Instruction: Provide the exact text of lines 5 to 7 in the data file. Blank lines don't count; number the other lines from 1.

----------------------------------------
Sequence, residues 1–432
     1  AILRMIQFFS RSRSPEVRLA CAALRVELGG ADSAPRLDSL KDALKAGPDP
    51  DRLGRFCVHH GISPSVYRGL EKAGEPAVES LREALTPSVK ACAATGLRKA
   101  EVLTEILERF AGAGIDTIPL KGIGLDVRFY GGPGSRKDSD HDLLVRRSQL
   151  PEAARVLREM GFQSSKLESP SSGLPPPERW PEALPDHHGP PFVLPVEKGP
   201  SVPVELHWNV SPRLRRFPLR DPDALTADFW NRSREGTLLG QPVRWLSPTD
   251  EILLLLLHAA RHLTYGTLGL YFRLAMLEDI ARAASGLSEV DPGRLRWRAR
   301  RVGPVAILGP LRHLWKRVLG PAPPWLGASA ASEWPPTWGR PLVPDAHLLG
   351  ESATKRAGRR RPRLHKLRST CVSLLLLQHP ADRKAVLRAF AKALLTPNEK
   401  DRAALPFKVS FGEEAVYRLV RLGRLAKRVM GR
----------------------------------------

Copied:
   151  PEAARVLREM GFQSSKLESP SSGLPPPERW PEALPDHHGP PFVLPVEKGP
   201  SVPVELHWNV SPRLRRFPLR DPDALTADFW NRSREGTLLG QPVRWLSPTD
   251  EILLLLLHAA RHLTYGTLGL YFRLAMLEDI ARAASGLSEV DPGRLRWRAR